January 9, 2018

MP3  |  Residential Design Magazine 

Our project MP3 featured in Residential Design's first issue of 2018 - a great way to start the new year!


Just about 20 miles south of Frank Lloyd Wright’s Taliesin, an obelisk will rise from rolling Wisconsin farmland. Designed for an urban Chicago family, it will provide four-season immersion in nature. “It’s a nice piece of land—about 120 acres, filled with ravines, sandstone rock croppings, and 300-year-old oak trees. The house is just for enjoying that land. This whole thing is an icon or a monument to that,” says architect Brad Lynch, who’s designed multiple projects for the same clients.

For design inspiration, the firm tapped the colorful history of the “Badger State,” which derived its moniker from Cornish miners who worked the mineral deposits and bermed dwellings into the hillsides to protect against the long, harsh winters. In reference to this, the entry sequence takes visitors below ground along an axis carved by Cor-Ten steel and into the blunt end of the long, tall, rectangular building. “It’s this whole idea of tunneling through the house to get in,” Brad explains.

A soothing natural color palette coats the building. Masonry exterior walls evoke the weathered wood of agricultural buildings, earthy reds and browns line the interior walls, and Cor-Ten elements suggest old farm equipment rusting in the fields. Parallel 40-foot-long, 10-foot-high spans on the broad sides of the house open to the landscape, joining stone interior floors with matching exterior pavers to triple the breadth of the 18-foot-wide house. These portals and operable skylights provide natural ventilation, while the building’s hefty thermal mass aids passive heating and cooling. With its geothermal system and wind power, the project should approach net zero, says Brad, “Essentially, it’s off the grid.”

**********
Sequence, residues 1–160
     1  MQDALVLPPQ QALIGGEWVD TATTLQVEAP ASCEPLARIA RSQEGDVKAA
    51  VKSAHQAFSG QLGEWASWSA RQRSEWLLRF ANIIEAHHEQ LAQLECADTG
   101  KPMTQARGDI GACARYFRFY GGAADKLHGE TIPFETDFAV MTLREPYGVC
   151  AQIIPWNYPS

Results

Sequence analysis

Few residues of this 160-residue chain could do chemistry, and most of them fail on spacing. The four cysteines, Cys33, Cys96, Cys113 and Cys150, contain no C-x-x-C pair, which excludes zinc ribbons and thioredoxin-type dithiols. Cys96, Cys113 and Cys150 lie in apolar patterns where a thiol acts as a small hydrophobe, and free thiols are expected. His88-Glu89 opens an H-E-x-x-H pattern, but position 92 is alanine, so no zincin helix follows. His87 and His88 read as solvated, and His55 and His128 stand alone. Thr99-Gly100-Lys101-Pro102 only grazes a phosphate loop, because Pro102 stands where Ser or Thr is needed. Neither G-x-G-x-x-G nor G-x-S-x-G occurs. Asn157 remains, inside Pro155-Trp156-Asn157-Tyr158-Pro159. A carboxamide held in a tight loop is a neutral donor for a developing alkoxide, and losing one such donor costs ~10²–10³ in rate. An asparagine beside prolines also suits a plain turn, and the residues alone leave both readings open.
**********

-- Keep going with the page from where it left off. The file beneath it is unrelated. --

—S. Claire Conroy

See here for the full issue, article on page 70,



November 27, 2017




They call it the third coast, but it’s first in so many ways. It holds 21% of the world’s total surface fresh water and is home to 35 million people in both the United States and Canada. I spent both my child and adulthood in Wisconsin, Canada, and Illinois — this is where much of my professional life has played out as well.  

The Great Lakes region and its potential for population growth and development has been the subject of two recent publications — one from the Urban Institute titled The Future of the Great Lakes Region and another, funded by the Graham Foundation, Third Coast Atlas: Prelude to a Plan. Both discuss the very real opportunities here for urban development and for personal and professional reasons were very exciting to read. The results of the studies confirmed much of what I have known — this place is resource rich with lots of available land and has a population positioned and prepared for a rebirth.